Understanding our Heritage: The Critical Importance of Mapping our Cultural Resources

 Almost fifteen years after Hurricane Katrina devastated the Gulf Coast, integrating spatial technologies in disaster response has become a necessity.  Based on the strategies developed and undertaken in Louisiana, we now have better, faster, more comprehensive spatial data and capabilities.  Although causing a great deal of damage, Katrina also provided an important learning environment for identifying challenges and generating solutions in responding to extensive cultural resources issues in a disaster.  Involving spatial technologies in strategies for a large-scale compliance with historic preservation laws proved invaluable in identifying potential cultural resources, in evaluating those resources for their eligibility to the National Register, and in providing important treatment measures during long term recovery efforts.  Creating these digital cultural resource inventories, as well as developing data standards and processes to share that data quickly following a disaster are all critical elements of protecting our heritage and in improving preparedness for future emergencies.  Inevitably we will lose important cultural resources to natural and manmade disasters, and without a full understanding of where these resources are now, we lose the ability to prepare, steward and document them for benefit of everyone.  As our technological tools improve and expand, we have many more options to ensure preservation of our resources in many forms.


This webinar will cover:

· How do we apply spatial technologies (document, integrate, visualize, share data; compliance with historic preservation laws; inventory creation; mitigation of adverse effects)?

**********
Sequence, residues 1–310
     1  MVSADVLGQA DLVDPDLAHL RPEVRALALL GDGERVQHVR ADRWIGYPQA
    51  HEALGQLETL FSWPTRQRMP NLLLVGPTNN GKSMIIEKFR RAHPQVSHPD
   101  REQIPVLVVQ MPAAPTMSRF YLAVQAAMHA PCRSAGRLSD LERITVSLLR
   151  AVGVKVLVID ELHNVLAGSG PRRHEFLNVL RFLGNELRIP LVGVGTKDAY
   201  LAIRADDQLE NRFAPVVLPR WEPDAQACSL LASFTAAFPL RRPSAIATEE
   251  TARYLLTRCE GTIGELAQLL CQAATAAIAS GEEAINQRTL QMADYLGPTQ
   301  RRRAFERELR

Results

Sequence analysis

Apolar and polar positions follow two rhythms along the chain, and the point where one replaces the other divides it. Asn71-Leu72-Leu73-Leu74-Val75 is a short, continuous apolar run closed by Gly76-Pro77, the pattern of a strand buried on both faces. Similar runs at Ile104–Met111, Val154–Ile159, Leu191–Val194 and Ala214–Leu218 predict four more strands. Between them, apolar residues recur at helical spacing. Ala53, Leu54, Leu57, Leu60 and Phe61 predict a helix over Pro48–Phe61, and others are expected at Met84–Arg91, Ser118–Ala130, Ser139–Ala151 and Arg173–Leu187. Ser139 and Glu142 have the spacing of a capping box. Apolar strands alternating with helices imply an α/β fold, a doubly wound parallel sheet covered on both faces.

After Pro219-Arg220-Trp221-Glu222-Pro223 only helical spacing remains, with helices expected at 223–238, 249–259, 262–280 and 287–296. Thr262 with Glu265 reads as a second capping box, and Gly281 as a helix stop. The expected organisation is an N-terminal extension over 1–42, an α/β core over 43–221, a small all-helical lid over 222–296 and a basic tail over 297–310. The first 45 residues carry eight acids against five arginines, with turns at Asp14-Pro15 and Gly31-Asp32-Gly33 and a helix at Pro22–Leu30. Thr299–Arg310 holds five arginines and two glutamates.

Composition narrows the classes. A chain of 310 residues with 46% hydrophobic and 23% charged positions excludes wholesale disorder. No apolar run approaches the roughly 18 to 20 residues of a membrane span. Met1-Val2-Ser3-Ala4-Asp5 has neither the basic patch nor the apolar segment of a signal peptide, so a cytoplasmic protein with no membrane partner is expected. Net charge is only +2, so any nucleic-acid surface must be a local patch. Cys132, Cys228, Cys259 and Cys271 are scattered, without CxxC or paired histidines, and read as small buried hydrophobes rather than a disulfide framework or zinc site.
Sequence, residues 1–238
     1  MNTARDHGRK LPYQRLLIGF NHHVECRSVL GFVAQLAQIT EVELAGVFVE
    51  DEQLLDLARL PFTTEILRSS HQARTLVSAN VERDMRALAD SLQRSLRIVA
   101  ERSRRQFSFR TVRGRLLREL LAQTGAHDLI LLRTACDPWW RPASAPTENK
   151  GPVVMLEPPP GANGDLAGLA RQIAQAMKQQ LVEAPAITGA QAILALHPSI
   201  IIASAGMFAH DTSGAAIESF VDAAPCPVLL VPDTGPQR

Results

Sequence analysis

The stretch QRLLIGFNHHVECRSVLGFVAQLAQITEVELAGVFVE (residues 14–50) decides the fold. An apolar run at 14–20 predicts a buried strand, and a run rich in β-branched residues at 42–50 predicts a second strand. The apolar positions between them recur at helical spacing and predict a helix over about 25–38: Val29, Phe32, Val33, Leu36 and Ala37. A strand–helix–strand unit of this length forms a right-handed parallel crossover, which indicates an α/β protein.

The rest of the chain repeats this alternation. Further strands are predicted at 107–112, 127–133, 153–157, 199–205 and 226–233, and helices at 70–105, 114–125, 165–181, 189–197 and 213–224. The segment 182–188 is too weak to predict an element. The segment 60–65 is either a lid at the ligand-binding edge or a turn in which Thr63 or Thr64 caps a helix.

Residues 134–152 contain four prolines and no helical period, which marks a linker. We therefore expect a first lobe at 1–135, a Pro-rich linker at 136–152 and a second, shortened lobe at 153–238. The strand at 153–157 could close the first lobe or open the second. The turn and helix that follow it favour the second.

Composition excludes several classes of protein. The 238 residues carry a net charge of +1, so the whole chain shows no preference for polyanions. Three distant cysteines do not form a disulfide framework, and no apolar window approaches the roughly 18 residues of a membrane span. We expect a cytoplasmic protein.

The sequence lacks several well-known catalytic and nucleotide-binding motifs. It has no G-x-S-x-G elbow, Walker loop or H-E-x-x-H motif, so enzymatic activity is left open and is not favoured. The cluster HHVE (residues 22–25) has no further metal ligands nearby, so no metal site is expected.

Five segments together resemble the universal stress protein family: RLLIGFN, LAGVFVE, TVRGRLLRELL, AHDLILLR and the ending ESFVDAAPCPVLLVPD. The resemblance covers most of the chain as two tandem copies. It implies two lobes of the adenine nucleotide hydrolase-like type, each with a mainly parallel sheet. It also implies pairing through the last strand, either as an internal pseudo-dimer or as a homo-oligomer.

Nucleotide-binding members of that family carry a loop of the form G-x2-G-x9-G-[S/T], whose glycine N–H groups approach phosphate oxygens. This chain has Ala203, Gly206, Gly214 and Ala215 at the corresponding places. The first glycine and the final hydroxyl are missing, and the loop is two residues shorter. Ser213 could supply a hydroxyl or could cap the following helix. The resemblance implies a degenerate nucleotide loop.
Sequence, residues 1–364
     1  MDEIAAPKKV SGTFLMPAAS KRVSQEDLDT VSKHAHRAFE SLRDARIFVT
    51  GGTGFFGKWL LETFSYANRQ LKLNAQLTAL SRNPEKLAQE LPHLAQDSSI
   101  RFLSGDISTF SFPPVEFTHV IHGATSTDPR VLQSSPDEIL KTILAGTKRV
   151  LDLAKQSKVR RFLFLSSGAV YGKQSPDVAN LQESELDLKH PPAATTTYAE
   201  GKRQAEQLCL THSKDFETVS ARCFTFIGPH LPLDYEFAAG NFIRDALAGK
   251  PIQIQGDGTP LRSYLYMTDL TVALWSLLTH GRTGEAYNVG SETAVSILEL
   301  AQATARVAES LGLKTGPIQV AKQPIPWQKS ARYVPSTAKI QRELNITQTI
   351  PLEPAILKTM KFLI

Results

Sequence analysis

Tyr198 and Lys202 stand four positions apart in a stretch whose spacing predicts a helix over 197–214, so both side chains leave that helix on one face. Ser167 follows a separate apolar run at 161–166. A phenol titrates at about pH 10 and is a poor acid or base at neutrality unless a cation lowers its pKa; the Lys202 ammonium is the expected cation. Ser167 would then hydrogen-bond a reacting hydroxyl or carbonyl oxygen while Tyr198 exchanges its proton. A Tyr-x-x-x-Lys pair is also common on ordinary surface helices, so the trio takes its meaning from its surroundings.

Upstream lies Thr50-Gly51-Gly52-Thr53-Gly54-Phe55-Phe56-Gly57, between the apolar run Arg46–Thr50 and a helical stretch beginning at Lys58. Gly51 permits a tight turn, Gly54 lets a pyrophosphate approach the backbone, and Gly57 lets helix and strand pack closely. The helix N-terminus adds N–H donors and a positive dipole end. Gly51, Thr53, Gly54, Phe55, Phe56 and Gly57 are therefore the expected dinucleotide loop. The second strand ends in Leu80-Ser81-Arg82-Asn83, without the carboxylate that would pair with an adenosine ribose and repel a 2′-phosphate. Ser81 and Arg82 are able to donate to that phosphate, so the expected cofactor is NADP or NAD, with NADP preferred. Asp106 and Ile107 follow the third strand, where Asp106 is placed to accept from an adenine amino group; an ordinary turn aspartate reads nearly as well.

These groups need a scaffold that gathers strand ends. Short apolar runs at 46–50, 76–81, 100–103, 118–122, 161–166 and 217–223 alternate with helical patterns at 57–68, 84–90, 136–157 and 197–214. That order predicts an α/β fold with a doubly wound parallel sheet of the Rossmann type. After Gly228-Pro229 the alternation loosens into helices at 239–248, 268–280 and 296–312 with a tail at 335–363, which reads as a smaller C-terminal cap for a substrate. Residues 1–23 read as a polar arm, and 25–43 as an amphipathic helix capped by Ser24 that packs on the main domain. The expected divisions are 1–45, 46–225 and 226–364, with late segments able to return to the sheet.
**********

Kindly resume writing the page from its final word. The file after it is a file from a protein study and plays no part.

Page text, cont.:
· Why are spatial data standards important?  What platforms for data collection/creation should be used to comply with federal, state and local standards? What role do data sharing agreements play?

· How can volunteers and private non-profits work with jurisdictions and emergency managers to provide critical information before, during and after a disaster?

· How can emerging and changing technologies become tools for disaster response and recovery?


Case Study: Through a one-year LYRASIS Catalyst Grant, the Atlanta University Center Robert W. Woodruff Library is creating a publicly editable directory of Georgia’s Natural, Cultural and Historical Organizations (NCHs), allowing for quick retrieval of coordinate location and contact information for disaster response. Directory information is being compiled, updated, and uploaded to Wikidata, the linked open data database from the Wikimedia Foundation. Directory information will then be delivered via a website, allowing emergency responders to quickly search for NCHs in disaster areas.

Deidre McCarthy

Chief, Cultural Resource GIS Facility (CRGIS), National Park Service